Eskom says the “System Operator has also recognised the impact of PV [photovoltaic solar] on the system and how dispatchable plant (mainly coal plant) will have to be used to manage the impact that renewables will have on system operations”.
“For example, customers using SSEG [small-scale embedded generation] systems such as PV will reduce the energy in the system during the day but will not change the current morning and evening peak period system demand,” it explains.
In fact, Eskom contends that morning and evening peaks will become “peakier” over time and “still need to be managed by price signals”.
“Expensive peaking generators may have to be uneconomically used for very few hours in a day to provide electricity to the country” during the morning and evening peaks. “Time-of-use pricing signals, therefore, will continue to be needed to manage the high system demand in the morning and evening peak periods as well as to manage the variation of system demand levels between the high- and low-demand months”.
Related to this, Eskom commissioned a study following the lifting – last year – of the threshold of private generation from one megawatt (MW) to 100MW.
The study recommended that:
- “While loadshedding is a reality, Eskom may want to wave [sic] the cost of registering an SSEG system but of course not the cost of changing and meters or installation of needed infrastructure. The loss in registration fee will be easily recoup [sic] if the customer moves over to the correct tariff;
- “Eskom should promote and encourage customers to install and register SSEG; and
- Eskom “more actively monitor customer profiles to identify customers with SSEG system who have not registered.”
It has finalised plans for a new residential time-of-use tariff, Homeflex. It says this tariff will be “mandatory” for all Eskom-direct customers who have grid-tied generation (solar), whether they intend to export power to the grid or not. Other residential urban customers can elect to convert to this tariff.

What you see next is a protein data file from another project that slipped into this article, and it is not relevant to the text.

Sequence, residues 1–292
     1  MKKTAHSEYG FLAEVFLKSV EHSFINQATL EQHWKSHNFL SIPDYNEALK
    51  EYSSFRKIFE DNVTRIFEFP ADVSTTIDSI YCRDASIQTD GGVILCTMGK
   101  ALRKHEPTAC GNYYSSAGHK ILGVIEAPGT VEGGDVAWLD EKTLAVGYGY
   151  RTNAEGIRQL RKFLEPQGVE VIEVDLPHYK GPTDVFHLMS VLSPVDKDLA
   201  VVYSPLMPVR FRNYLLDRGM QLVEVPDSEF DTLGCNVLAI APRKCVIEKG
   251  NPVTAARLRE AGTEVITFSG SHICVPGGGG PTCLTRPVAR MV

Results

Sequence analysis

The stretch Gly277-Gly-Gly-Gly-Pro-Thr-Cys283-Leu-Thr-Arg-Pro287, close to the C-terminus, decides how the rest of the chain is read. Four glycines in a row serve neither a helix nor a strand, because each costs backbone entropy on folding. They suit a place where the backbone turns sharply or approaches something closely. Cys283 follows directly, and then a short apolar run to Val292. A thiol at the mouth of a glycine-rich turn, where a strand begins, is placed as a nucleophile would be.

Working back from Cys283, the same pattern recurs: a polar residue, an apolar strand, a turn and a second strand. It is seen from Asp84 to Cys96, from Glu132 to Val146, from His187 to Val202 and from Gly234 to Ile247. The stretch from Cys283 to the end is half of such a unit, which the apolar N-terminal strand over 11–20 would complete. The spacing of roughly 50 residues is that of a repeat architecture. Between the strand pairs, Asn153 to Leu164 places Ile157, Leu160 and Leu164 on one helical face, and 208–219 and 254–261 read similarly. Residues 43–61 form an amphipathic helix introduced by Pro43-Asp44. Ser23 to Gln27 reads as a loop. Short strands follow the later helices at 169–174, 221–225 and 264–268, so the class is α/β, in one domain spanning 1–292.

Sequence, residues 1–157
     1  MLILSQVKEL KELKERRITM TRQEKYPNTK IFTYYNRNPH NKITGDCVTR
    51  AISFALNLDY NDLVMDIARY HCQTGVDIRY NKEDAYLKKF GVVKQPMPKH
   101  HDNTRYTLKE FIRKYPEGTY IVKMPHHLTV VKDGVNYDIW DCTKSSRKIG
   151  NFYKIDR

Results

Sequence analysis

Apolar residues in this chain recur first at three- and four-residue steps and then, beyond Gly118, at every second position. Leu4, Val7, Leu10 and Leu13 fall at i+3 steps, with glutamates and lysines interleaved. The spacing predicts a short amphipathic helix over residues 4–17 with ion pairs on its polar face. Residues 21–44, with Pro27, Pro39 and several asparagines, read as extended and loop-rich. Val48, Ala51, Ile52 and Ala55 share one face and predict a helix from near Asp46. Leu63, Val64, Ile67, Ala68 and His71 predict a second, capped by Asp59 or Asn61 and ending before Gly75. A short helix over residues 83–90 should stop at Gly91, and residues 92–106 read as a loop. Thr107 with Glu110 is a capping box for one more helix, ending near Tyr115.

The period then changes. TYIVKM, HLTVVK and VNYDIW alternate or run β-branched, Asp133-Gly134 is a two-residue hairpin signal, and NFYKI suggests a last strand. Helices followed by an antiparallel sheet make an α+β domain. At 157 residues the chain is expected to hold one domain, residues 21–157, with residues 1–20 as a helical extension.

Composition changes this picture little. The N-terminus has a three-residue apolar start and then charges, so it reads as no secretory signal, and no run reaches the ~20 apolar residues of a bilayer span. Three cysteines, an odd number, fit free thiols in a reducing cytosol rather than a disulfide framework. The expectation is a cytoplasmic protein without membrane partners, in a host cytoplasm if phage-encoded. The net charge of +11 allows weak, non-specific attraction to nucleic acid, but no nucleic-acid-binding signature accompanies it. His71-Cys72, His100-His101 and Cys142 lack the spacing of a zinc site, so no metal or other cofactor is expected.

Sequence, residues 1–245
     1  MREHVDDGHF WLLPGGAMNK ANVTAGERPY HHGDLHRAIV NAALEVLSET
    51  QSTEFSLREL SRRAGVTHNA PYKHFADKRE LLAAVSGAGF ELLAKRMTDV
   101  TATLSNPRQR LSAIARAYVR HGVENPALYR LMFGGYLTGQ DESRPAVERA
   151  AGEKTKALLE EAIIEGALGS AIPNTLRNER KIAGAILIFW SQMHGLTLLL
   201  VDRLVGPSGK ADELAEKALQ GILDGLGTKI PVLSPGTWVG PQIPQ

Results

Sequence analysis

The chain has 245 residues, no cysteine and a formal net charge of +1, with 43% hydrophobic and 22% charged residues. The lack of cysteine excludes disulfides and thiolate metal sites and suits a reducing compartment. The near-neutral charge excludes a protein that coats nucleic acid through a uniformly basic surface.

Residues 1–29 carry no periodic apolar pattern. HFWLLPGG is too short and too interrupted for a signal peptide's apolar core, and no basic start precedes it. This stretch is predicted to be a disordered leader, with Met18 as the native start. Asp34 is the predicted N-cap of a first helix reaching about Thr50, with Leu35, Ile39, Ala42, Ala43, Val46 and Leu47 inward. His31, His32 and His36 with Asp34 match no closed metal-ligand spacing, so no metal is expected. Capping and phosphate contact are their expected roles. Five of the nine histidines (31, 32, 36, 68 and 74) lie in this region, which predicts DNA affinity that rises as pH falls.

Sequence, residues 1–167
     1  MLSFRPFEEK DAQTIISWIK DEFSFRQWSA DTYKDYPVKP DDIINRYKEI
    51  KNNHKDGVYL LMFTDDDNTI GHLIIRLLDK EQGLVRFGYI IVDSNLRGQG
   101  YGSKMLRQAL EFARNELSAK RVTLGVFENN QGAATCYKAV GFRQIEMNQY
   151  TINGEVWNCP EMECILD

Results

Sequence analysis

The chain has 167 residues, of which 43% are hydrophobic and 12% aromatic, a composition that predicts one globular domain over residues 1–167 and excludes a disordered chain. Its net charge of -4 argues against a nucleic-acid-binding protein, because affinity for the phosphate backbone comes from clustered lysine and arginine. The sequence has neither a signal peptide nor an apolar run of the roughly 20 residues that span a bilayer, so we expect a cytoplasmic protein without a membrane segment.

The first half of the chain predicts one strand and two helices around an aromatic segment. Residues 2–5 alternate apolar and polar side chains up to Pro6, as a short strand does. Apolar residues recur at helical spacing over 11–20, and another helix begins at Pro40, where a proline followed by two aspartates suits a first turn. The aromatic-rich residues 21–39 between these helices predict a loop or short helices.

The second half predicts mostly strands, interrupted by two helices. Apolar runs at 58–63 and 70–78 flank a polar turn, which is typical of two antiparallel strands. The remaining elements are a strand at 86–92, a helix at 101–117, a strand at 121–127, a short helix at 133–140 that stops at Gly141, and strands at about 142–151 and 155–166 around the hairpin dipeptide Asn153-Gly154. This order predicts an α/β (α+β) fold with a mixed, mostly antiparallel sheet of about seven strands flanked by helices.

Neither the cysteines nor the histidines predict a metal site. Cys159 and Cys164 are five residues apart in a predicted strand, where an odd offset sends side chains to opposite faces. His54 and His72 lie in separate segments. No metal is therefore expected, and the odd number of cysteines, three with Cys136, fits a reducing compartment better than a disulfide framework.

Those on prepaid smart meters cannot use this tariff; as such they will require the installation of a post-paid smart metering device, which these customers will need to pay for.
It will offset sales back into the grid at the same tariff as the current Homeflex TOU energy rates, although this may change.
Readers will note that the standard (daytime) rate is 56% of the peak summer energy tariff and 25% of the peak winter one. This means a household with a solar installation would need to export at least twice their peak usage during the day in summer order to offset that cost.
(A further tweak is that the existing peak times across all of Eskom’s tariffs will change to three hours from two, with the exception of the morning peak in summer).
Eskom says all rates in its proposed new tariff structure “will be updated based on the price increase process for the year of application”. In other words, the Nersa-approved increase for 2023/24 under the separate multi-year price determination will continue and be applied to the new structure, if approved.
* Homepower/Homeflex supply sizes
dual-phase 32 kVA three-phase supplies (80 A per phase)
three-phase 25 kVA three-phase supplies (40 A per phase)
dual-phase 64 kVA three-phase supplies (150 A per phase)
three-phase 50 kVA three-phase supplies (80 A per phase)
dual-phase 100 kVA three-phase supplies (225 A per phase)
three-phase 100 kVA three-phase supplies (150 A per phase)
16 kVA single-phase supplies (80 A per phase)